Toyota pauses self-driving auto testing amid Uber accident probe

Uber suspends self-driving car testing after cyclist is killed

The accident may result in safer autonomous cars regulated by more stringent oversight.

Some incredibly sad news out of Arizona. The vehicle is said to have been driving itself while an operator was behind the wheel when it hit the woman who was crossing a road on her bicycle.

A spokesperson for Uber said vehicle operators in Arizona undergo a screening process that checks local, state, and national databases and meets local requirements by law. This pause affects test vehicles that operate in what Toyota calls "chauffeur" mode, its term for autonomous driving.

"Our hearts go out to the victim's family", Uber wrote on Twitter.

Here's what you need to know about the crash, Uber's autonomous vehicle testing, and what's next.

The person who controlled a self-driving Uber vehicle that killed an Arizona woman this week was a convicted felon, authorities said Tuesday. "We have complied with the City of Boston's request to temporarily halt autonomous vehicle testing on public roads", a NuTonomy spokeswoman said in an emailed statement. Safety regulators later determined Tesla was not at fault. Officials with the National Transportation Safety Board and National Highway Traffic Safety Administration also are investigating.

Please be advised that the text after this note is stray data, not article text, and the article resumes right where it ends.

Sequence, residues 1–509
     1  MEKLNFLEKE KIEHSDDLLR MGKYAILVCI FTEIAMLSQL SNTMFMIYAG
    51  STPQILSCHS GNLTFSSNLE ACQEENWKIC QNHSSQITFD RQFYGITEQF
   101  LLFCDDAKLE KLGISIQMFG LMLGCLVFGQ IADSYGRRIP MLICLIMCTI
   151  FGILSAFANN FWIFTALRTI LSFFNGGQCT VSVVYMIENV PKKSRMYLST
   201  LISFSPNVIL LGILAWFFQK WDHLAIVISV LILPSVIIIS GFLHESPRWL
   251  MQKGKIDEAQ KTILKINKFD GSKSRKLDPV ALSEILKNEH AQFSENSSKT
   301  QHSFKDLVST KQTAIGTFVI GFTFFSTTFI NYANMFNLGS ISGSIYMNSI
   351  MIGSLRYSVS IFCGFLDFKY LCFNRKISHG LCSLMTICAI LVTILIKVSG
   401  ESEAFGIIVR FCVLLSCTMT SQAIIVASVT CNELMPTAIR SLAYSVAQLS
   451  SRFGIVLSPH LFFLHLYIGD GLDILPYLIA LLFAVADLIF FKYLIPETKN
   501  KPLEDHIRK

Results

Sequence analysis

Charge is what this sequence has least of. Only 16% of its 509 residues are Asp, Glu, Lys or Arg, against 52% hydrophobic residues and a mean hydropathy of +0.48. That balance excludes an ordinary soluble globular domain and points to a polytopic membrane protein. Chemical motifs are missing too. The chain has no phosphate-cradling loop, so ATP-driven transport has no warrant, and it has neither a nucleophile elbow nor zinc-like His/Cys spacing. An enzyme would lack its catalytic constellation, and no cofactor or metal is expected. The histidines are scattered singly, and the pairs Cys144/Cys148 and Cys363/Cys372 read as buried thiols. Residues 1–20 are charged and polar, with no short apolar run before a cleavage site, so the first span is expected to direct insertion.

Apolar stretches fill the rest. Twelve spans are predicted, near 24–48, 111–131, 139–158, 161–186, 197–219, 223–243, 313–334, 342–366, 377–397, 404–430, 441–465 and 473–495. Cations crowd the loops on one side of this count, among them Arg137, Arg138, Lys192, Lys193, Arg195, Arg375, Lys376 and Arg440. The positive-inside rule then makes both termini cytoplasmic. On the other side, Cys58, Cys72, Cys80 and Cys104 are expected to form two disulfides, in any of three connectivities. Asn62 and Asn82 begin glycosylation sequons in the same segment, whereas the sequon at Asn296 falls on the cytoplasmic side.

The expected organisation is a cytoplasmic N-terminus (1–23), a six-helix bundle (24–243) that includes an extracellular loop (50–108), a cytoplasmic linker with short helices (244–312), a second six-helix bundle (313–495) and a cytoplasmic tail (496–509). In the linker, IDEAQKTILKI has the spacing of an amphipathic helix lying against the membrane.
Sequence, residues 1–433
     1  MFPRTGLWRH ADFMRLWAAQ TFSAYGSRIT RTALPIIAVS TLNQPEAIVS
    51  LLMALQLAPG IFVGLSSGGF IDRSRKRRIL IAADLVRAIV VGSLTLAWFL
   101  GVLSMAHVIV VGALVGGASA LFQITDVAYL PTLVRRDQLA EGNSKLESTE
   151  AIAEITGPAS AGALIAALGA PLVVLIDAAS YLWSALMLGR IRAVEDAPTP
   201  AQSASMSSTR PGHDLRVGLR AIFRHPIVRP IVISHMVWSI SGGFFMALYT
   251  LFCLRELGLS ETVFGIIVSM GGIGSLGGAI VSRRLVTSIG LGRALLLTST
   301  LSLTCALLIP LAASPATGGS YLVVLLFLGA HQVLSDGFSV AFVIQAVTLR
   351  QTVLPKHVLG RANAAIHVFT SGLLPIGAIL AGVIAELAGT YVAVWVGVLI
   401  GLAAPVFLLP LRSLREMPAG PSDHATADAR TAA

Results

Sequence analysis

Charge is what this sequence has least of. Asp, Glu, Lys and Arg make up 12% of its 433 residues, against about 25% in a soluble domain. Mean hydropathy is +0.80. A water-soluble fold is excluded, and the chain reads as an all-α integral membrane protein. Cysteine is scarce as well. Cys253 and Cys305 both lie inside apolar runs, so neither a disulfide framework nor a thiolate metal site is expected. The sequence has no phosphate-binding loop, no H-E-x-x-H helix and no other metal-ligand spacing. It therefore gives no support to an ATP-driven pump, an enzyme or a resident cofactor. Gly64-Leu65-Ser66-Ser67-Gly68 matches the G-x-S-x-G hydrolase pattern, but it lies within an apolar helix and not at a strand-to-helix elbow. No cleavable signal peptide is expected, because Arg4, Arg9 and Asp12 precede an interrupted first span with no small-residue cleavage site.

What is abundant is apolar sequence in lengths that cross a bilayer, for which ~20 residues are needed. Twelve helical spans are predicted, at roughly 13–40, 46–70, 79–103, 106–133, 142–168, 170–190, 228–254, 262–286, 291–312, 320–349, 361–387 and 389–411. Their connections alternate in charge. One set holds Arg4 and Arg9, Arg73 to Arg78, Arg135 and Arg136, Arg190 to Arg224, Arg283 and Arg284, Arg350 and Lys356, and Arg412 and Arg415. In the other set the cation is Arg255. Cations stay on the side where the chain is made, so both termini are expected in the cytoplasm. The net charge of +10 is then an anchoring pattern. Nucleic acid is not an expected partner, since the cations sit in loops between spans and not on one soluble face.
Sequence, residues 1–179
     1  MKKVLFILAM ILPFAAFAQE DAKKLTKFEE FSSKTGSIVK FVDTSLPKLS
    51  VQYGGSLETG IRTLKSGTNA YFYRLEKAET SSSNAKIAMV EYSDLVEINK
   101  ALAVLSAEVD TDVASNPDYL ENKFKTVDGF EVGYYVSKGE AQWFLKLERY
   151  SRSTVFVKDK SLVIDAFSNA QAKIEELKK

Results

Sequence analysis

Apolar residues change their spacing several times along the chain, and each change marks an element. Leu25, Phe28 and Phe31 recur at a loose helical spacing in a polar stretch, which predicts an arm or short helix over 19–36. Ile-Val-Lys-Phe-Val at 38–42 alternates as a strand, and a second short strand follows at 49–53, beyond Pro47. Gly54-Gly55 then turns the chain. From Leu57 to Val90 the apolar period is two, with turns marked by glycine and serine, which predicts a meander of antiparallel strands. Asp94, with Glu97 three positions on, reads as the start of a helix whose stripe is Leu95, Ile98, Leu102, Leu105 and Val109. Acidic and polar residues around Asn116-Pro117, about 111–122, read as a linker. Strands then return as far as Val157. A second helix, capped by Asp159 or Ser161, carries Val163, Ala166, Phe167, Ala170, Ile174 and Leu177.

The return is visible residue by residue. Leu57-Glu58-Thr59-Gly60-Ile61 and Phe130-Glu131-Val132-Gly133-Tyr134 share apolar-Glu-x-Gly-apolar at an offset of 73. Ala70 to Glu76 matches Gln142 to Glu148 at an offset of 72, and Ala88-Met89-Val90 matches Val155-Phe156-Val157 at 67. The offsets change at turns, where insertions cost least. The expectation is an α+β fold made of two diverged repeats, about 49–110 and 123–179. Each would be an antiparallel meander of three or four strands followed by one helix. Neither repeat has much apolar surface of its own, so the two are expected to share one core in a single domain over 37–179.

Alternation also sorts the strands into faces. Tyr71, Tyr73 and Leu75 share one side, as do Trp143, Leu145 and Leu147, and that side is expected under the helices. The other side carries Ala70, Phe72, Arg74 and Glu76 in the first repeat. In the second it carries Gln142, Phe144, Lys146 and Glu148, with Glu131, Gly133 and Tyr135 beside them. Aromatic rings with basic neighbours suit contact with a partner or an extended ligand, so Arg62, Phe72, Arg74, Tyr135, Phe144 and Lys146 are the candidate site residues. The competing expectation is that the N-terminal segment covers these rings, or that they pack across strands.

Though the autonomous auto had a human safety driver behind the wheel who could have theoretically taken control, neither auto nor driver detected the pedestrian - who was walking her bike across an intersection - before the vehicle struck her at roughly 40 miles per hour. Prior to the accident, the company had been considering teaming up with Uber's autonomous driving program, though a decision on a partnership has not been made.

Uber first launched its self-driving auto program onto public roads in Pittsburgh back in September 2016.

The death is drawing fresh attention to questions about the safety of autonomous vehicle systems, and the challenges of testing them on public streets.

Boston-based and Singapore Government-funded nuTonomy has been testing driverless vehicles at one-north, a research and development hub in Buona Vista, since April 2016, with plans to roll out driverless taxis here by the middle of this year.

- South Korea's transport ministry began the provisional permit system in February 2016 and has approved provisional permits for 41 self-driving cars as of March including 14 for Hyundai Motor Co (005380.KS), two for Kia Motors (000270.KS), and one for Audi-Volkswagen (VOWG_p.DE).

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